Director Peter Weir filmed in the 1.66:1 ratio to make it feel more like a television show. Only the original DVD is in this aspect ratio. The theatrical cut was cropped to 1.85:1 and the Blu-ray release to 1.78:1.
Various trailers included scenes that were deleted from the theatrical and DVD releases: A cast read-through (a sign on the wall warns "ATTENTION: 1. REMOVE CELLPHONES. 2. NO SCRIPTS ON SET. 3. NO I.D. CARDS ON SET"); a visible tear in the "sky" after a stage light falls on the "street" in front of Truman's house; Truman singing the Planet Trumania anthem.
Just before the boat stops, we see the number "139" prominently displayed on its sail. The ensuing dialogue between Truman and Christof contains some paraphrased references to Psalm 139, as do many other aspects of the film.
To help Ed Harris develop the character for Christof, director Peter Weir presented to him a 10 page biography. Part of this biography consisted of Christof doing a film on the homeless for which he won an award.
The motto on the double archway in the Seahaven town center is UNUS PRO OMNIBUS, OMNES PRO UNO: "One for all, all for one" in Latin, thus fitting the premise of the Truman Show. The motto is also the used in the Alexandre Dumas père's novel, The Three Musketeers.
The couple at the picnic table, Darryl Davis and Robert Davis, are the founders of Seaside, the town where the movie is filmed. Robert Davis inherited the 80 acres from his grandfather, and he and his wife built the first home, and his concept of a small town and mixed-use building has become enormously popular and influential in the last 20 years.
The name of the "actor" who plays Marlon is listed at the beginning of the film as "Louis Coltrane", an amalgam of the names of the jazz musicians Louis Armstrong and John Coltrane. The character also plays trumpet in the film, another allusion to Armstrong.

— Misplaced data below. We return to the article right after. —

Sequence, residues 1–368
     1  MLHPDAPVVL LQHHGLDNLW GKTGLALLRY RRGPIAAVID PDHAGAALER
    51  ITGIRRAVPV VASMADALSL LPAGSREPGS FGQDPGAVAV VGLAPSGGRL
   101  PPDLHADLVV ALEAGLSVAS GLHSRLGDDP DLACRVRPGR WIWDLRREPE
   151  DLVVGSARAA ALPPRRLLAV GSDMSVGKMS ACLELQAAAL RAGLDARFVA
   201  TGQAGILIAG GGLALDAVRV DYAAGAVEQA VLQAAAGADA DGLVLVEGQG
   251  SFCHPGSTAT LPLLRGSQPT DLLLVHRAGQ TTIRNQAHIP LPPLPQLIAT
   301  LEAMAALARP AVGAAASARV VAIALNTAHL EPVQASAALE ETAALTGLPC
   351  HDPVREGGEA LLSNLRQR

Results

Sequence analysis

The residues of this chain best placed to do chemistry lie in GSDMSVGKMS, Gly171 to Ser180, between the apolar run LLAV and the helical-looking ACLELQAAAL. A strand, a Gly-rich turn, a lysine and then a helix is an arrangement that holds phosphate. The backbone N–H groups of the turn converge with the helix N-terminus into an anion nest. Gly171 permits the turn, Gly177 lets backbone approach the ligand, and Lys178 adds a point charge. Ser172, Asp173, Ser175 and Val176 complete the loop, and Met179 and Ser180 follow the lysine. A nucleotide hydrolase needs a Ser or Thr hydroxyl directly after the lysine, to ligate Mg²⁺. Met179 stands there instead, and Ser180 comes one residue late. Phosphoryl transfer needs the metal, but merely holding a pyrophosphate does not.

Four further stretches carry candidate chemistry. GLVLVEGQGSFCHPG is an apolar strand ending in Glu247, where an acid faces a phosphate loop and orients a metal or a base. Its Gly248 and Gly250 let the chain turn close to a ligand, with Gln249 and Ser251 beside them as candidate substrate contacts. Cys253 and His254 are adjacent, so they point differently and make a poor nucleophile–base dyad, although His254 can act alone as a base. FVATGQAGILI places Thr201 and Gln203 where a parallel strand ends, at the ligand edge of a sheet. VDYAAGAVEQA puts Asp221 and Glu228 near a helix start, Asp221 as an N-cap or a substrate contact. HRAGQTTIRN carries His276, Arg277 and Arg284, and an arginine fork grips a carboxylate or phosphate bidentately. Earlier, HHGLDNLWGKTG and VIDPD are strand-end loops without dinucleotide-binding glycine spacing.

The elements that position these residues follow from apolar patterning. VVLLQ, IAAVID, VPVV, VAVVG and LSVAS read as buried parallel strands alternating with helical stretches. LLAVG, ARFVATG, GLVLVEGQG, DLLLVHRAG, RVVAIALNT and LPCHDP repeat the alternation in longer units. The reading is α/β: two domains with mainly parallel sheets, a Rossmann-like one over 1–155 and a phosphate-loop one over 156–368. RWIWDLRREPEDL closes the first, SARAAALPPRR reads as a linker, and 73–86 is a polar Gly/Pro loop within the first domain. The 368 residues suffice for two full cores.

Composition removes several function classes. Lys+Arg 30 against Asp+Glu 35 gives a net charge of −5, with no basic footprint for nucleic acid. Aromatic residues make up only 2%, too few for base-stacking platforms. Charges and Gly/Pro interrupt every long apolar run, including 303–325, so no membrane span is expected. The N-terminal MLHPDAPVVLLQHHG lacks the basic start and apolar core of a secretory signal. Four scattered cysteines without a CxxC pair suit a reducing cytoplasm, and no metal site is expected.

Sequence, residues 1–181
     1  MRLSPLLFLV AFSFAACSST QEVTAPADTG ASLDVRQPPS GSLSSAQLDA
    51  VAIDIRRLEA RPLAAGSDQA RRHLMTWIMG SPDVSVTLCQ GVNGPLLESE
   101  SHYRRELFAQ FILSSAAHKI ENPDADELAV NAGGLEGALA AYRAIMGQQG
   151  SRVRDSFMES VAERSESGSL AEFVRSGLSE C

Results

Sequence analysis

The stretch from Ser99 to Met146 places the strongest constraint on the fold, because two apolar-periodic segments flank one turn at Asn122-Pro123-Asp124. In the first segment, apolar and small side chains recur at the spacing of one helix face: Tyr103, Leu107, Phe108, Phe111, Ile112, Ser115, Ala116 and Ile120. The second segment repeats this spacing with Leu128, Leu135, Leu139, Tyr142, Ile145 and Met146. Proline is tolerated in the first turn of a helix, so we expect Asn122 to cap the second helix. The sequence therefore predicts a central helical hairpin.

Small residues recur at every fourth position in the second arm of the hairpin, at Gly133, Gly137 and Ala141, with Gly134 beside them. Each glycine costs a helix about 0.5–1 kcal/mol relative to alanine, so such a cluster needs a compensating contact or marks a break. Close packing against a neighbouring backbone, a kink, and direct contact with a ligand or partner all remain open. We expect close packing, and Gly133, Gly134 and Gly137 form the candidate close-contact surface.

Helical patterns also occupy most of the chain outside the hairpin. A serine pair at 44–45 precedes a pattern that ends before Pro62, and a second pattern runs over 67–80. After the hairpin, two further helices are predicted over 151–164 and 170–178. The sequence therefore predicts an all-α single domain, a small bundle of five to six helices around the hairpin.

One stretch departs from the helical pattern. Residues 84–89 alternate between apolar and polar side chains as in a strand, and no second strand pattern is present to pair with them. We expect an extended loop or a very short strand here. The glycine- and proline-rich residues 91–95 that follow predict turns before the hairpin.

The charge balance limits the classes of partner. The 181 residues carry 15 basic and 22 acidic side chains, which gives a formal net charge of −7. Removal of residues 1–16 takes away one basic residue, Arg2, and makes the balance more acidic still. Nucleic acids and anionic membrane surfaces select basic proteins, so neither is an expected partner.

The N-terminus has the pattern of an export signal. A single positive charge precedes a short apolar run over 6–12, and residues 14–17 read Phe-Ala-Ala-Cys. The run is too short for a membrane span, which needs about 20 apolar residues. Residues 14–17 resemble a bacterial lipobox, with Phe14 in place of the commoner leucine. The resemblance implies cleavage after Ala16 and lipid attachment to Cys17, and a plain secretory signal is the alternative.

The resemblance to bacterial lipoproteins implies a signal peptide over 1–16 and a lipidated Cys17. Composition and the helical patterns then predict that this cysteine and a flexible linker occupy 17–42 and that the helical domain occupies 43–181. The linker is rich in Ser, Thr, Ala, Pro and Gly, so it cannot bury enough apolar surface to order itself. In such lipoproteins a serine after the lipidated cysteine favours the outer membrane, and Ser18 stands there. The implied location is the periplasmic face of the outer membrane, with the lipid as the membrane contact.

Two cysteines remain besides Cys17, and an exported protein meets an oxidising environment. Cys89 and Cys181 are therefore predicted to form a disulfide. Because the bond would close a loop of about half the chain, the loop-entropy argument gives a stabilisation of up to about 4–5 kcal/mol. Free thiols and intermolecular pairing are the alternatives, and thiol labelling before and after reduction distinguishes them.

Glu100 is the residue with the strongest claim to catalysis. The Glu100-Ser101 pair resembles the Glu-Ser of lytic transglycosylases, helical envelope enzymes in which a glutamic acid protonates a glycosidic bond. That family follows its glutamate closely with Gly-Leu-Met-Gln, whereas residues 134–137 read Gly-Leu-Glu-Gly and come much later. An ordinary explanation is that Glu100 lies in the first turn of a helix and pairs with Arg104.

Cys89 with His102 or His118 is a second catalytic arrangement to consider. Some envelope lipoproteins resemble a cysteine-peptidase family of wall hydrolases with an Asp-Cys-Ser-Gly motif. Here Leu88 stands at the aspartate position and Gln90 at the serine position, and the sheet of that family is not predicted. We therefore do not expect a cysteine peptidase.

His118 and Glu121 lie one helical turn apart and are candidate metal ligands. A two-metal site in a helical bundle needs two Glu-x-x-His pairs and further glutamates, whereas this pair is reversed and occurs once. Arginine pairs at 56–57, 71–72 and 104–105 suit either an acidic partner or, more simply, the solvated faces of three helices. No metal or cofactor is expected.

The location shoot for Seahaven Island (the film's town in the dome) was in a place called Seaside, Florida. When director Peter Weir arrived there with his pre-production team he said "Unpack our things, we've found our town." The week they arrived during the location scouting is the week they began pre-production.
Sylvia's apartment contains photos of cast members labeled with Post-It notes. One picture is of Marlon, labeled "Unable to Get Near Marlon - PRIME!". Other photos are labeled "Jogger - 'No Way'" and "will think about it". A printed banner above these photos contains the word "Agents".
The State Examination Commission in Ireland listed the film as one of the options for the English comparative study for the Leaving Certificate (state exam taken when leaving school) of 2008 and has just been selected again for 2010.
According to a 2008 NY Times article, psychologists in Britain and the U.S. reported a number of people experiencing "Truman Syndrome" or "the Truman Show delusion" - the belief that they are the unwitting star of their own reality-TV show. Reportedly, many of those afflicted have specifically mentioned the film while in therapy. More recently, in Sept. 16, 2013, the detailed account of one Ohio student who suffered for years from the Truman-Show delusion is documented in the New Yorker magazine article, "Unreality Star", by Andrew Marantz.
The events in the movie take place over a 4-5 day time span - Day 10909 to Day 10913 of the show - as shown by the ticker over the TV in the Truman Bar. Truman would have been 6-7 weeks from his 30th birthday. A "30th Anniversary" Truman Show commemorative plate can be seen hanging in the bar.
The ending mirrors the ending of the C.S. Lewis book "Voyage of the Dawn Treader", #4 of the Narnia series (#3 in publication order), with a ship sailing to the end of the "known" world and encountering a sky-blue wall, with a doorway leading to "another" world.
Every street name in Seahaven refers to a movie actor, e.g. "Lancaster Square" or "Barrymore Road." All of the "cast" members are likewise named after movie stars - Meryl, Marlon, Lauren, Kirk, Angela, etc.